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Survey reveals high malnutrition rates among pregnant women in Kenya

UNICEF Image: UNICEF video
© UNICEF video
UNICEF Emergency Nutrition Officer Emily Teshome measures the arm of a malnourished pregnant woman in Samburu district, Kenya.
By Rachel Bonham Carter

NEW YORK, USA, 4 May 2006 – Pregnant women are showing even higher rates of malnutrition than children in parts of Kenya hit by the region’s worst drought in a decade. UNICEF nutritionists, who have surveyed remote communities in Moyale, Marsabit and Samburu districts, say their findings indicate an immediate need for more assistance to ensure the most vulnerable women and children survive what has become a chronic emergency.

Mother-of-five Asetiyo Lenawase lives in the village of Noisetet, 20 km outside Maralal town. Once a week her family sells a goat or a sheep at the market, enabling them to buy food that lasts for about three days. Most weeks, the family goes without food for three or four days.

“The goats we have here are emaciated,” says Ms. Lenawase. “They are not productive and have no milk. These small children can only feed on milk, so we try to make black tea for them, but they cannot take tea without milk. We try to look for other means to buy milk because we can’t even afford to buy it in the shops. We have a really big problem feeding our children.”

Mothers sacrifice for children

UNICEF Emergency Nutrition Officer Emily Teshome helped to carry out the nutrition survey. “We did this to be able to determine the nutrition status and at the same time find out who are the affected population,” she says. “This will enable us to allocate scarce resources in terms of relief food, health interventions and also water and sanitation.”

According to the survey results, more than 60 per cent of pregnant women in Samburu are malnourished, placing their lives and those of their unborn children at great risk. Children in the district are relatively better off, with 19 per cent acutely malnourished.

UNICEF Image: UNICEF video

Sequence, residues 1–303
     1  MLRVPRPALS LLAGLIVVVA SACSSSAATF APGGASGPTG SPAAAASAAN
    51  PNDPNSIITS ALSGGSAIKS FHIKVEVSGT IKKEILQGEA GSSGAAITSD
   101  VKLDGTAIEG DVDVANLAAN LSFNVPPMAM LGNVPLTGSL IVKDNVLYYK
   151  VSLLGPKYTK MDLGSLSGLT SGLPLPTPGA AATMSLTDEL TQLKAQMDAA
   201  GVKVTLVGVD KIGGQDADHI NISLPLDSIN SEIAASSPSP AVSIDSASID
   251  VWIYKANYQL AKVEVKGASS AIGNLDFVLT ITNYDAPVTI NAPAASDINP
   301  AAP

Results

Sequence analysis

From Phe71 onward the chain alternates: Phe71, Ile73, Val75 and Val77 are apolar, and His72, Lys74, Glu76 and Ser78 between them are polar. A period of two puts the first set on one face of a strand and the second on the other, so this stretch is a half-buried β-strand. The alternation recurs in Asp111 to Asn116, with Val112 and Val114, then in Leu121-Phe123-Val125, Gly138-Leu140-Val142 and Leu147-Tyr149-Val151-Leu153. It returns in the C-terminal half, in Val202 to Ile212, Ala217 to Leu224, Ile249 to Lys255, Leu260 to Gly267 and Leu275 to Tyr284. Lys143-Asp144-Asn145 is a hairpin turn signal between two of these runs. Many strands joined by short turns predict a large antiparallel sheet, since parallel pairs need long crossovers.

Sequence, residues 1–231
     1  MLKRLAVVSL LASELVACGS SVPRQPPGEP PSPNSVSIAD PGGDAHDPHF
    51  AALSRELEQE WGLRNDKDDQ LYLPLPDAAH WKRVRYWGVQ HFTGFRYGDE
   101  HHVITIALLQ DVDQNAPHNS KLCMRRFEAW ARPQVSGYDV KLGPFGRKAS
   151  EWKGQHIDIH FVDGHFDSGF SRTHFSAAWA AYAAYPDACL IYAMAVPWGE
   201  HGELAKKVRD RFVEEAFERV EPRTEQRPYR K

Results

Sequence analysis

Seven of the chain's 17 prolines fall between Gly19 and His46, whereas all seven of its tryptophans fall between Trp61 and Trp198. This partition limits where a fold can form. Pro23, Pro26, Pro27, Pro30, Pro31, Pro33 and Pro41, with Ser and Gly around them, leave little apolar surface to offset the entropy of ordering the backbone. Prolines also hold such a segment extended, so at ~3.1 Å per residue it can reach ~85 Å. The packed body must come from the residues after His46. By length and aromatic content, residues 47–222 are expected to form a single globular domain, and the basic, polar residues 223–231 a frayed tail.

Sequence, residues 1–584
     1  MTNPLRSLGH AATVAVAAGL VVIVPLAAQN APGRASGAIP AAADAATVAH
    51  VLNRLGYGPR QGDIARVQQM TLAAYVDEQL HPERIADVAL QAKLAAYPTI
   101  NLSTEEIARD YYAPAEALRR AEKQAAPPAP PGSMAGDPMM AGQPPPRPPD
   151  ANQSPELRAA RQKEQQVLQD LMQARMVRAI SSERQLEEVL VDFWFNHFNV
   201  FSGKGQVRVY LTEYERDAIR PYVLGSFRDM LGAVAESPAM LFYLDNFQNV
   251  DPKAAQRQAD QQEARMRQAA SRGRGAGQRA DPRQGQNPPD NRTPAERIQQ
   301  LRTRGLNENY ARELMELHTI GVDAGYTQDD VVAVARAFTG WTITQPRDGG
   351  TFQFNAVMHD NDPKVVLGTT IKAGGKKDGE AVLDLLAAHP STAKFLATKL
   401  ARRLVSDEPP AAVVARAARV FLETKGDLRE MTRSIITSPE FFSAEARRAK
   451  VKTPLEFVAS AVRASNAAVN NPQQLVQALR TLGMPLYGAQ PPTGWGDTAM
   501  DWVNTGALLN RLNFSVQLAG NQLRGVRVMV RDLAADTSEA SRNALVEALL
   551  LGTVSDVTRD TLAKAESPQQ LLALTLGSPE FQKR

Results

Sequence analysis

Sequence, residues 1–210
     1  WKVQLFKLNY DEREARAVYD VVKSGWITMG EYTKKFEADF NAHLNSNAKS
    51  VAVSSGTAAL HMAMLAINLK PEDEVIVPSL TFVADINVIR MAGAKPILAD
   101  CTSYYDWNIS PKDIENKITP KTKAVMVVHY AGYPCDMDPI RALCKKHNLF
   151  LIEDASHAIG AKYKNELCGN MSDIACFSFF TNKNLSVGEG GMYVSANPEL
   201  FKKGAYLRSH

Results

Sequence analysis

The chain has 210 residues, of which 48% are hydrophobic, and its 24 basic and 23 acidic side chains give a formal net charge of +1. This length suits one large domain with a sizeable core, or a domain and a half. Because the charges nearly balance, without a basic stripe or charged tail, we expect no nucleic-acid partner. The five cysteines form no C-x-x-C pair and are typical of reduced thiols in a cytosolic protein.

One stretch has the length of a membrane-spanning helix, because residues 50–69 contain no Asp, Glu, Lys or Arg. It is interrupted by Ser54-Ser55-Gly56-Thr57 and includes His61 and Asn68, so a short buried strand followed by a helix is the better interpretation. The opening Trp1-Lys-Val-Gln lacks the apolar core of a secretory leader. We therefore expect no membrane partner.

© UNICEF video
Three children stand outside their family home in Kenya’s Samburu district. Due to the effects of the worst drought in a decade, they often go days without any food.
In Marsabit district, however, the malnutrition rates for children are higher (31 per cent) and the rates for pregnant women lower (37 per cent) than in Samburu. In Moyale, figures show 18 per cent malnutrition among children and 29 per cent among pregnant mothers.

“In this community, most mothers opt to give their meals to the younger children,” explains Ms. Teshome, referring to Samburu. “And if our survey indicates that more adults and more children are malnourished, then this strengthens the case for general food rations in this district.”

Feeding and education programmes

Besides increasing emergency food provision, she adds, UNICEF would like to see community-based therapeutic feeding centres and supplementary feeding programmes extended to these rural areas, to help combat the devastating effects of drought.

The nutrition survey also concludes that malnutrition rates are exacerbated by poor child-care habits and a lack of hygiene knowledge, which UNICEF would like to improve through education programmes.

Across the Horn of Africa, four failed rainy seasons have left 8 million people in dire need of live-saving assistance – including approximately 1.6 million children under the age of five. Although rain has been falling in parts of the region recently, the effects of the drought will be felt by women and children in Kenya for many months to come.




4 May 2006:
UNICEF correspondent Rachel Bonham Carter reports on malnutrition among women and children in drought-stricken Kenya.

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